Sanofi buying Genfar as it rolls across Latin America

Three weeks after Sanofi ($SNY) CEO Chris Viehbacher mentioned he liked less obvious countries for emerging market opportunities--places such as Colombia--he pulled the trigger on a deal there. This begs the question of whether the French drugmaker is currently working on deals in Indonesia and Vietnam, since he mentioned them in the same interview.

Sanofi announced Tuesday that it is buying Genfar, which it termed the second-largest generics maker in Colombia. Terms of the deal were not given up, but Sanofi said Genfar's total sales last year were $133 million, with about 30% of that from outside Colombia. It does business in Venezuela, Peru, Ecuador and 10 other countries. The company said in a statement that Genfar's "large portfolio of affordable pharmaceuticals" puts the French drugmaker in a good position in the Andean countries and Central America, with about 200 million people. It also gets some products that it can add to its portfolio of animal health offerings in the buyout, which is slated to close in Q1 of next year.

Sanofi became a significant force in Latin America with the $660 million purchase in April 2009 of Medley, the large Brazilian generics maker, which came right on the heels of its buyout of Mexico's Laboratorios Kendrick. Those deals were believed to have made it the largest generics maker in Latin America. Like its peers, Sanofi is looking to emerging markets to offset falling revenues as blockbusters, like its blood thinner Plavix, get undermined by the same kind of generic drugmakers it is buying.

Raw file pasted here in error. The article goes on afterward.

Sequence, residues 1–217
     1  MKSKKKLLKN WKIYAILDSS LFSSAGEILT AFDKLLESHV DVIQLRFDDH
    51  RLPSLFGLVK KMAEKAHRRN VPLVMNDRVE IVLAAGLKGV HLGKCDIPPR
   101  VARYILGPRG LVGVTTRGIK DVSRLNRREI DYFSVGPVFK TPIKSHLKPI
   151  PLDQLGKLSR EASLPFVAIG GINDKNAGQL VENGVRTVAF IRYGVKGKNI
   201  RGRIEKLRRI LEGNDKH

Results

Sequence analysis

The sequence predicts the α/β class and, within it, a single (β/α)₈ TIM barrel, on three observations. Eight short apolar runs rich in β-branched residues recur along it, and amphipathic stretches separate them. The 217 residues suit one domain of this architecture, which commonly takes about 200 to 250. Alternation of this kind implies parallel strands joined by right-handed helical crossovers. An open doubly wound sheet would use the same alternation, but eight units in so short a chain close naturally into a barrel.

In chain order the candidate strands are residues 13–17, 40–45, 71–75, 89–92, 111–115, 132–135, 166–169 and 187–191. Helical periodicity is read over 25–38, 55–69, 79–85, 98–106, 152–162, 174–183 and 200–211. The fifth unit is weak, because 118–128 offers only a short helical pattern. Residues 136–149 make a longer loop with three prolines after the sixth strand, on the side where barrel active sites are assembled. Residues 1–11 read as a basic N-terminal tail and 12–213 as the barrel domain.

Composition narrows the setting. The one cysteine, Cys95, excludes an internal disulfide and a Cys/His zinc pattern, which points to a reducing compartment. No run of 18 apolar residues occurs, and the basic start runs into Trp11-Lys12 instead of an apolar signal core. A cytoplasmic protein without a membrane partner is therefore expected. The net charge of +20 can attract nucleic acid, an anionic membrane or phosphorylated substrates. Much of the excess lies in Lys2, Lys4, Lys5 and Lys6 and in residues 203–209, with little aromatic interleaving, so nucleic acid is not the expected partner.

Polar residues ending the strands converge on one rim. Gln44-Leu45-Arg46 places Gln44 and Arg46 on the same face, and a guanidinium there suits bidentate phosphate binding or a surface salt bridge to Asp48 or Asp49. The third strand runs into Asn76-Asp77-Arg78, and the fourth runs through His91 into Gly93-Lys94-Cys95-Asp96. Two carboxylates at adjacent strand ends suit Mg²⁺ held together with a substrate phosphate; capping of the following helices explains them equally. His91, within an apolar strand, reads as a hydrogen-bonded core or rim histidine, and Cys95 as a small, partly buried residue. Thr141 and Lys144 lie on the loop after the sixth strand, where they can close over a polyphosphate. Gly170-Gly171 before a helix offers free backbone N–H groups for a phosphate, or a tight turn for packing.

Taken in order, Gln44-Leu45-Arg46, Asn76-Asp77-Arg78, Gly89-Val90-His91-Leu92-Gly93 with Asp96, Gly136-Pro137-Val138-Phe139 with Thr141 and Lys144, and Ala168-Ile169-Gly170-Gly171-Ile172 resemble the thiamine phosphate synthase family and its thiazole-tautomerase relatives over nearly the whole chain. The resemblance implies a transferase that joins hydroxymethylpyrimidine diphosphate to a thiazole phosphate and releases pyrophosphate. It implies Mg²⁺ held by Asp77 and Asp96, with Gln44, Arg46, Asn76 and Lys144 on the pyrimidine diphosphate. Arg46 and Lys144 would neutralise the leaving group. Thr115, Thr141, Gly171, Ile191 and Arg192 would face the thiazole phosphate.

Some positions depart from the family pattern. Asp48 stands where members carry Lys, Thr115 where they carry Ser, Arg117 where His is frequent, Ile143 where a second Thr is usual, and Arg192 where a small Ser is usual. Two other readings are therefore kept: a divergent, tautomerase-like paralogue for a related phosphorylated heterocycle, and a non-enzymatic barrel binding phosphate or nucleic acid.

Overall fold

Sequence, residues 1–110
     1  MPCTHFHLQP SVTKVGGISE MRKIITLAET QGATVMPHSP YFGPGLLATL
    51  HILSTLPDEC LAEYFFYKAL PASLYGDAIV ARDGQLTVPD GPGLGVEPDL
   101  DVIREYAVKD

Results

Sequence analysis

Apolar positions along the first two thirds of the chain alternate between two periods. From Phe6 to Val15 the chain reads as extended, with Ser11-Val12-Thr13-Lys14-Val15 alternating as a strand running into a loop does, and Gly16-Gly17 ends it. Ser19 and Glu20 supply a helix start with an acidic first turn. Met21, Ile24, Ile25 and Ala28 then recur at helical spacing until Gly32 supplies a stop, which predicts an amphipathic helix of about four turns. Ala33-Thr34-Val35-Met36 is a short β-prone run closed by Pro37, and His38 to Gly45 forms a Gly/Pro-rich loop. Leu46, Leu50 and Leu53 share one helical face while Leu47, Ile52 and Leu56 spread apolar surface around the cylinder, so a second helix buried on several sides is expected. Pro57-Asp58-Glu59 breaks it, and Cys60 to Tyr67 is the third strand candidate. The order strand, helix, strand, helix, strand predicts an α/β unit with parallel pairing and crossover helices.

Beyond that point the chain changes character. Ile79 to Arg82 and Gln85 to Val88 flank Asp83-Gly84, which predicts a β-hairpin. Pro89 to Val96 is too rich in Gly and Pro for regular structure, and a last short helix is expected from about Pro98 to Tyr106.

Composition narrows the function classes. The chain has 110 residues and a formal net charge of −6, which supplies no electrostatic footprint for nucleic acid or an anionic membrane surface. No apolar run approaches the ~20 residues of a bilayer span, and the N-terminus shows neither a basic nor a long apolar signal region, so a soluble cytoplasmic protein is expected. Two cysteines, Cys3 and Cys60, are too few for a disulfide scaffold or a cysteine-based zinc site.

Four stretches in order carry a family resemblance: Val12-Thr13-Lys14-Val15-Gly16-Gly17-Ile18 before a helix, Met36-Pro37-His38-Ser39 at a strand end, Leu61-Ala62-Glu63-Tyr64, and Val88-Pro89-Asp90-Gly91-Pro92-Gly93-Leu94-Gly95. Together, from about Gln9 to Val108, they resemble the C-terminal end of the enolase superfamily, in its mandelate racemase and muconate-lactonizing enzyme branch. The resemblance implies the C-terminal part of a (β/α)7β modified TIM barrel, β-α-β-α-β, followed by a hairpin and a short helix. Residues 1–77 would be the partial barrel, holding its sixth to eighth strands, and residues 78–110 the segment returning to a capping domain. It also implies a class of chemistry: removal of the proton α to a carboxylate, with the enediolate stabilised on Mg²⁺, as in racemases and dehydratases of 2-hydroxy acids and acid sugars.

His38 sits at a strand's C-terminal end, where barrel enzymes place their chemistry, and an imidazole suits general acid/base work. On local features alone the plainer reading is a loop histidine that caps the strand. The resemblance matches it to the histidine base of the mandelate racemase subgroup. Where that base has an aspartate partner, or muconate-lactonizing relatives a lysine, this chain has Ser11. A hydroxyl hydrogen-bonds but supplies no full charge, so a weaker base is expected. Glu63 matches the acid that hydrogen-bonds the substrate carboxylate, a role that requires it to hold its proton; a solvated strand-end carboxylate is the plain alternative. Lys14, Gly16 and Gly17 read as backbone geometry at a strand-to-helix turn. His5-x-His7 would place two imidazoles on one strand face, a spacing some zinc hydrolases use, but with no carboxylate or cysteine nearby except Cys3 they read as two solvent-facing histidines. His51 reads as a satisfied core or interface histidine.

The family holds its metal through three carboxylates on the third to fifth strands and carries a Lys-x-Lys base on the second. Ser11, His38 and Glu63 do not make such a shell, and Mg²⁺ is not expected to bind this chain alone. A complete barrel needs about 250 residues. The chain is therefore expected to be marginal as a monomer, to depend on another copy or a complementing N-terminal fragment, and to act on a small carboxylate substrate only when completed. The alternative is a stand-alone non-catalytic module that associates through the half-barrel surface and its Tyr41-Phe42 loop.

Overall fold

The Genfar news is unlikely to get a terrific response among the workforce in its home country, where Sanofi is in the process of downsizing by up to 1,500 more employees. It said last week that it would eliminate 900 jobs through attrition, voluntary exits, early retirements and transfers over the next few years. Another 600 positions remain at risk since the company said it had yet to decide the future of its Toulouse R&D facility. Sanofi is under very public pressure from government officials to keep some portion of those jobs. More details of the cuts are expected to emerge this week after it meets with employee representatives.

In an interview with Bloomberg last month, Viehbacher said he sees buyouts and partnerships in places such as Colombia and Vietnam as bargains as more mature growth markets like China become less plentiful.

- here's the release

 

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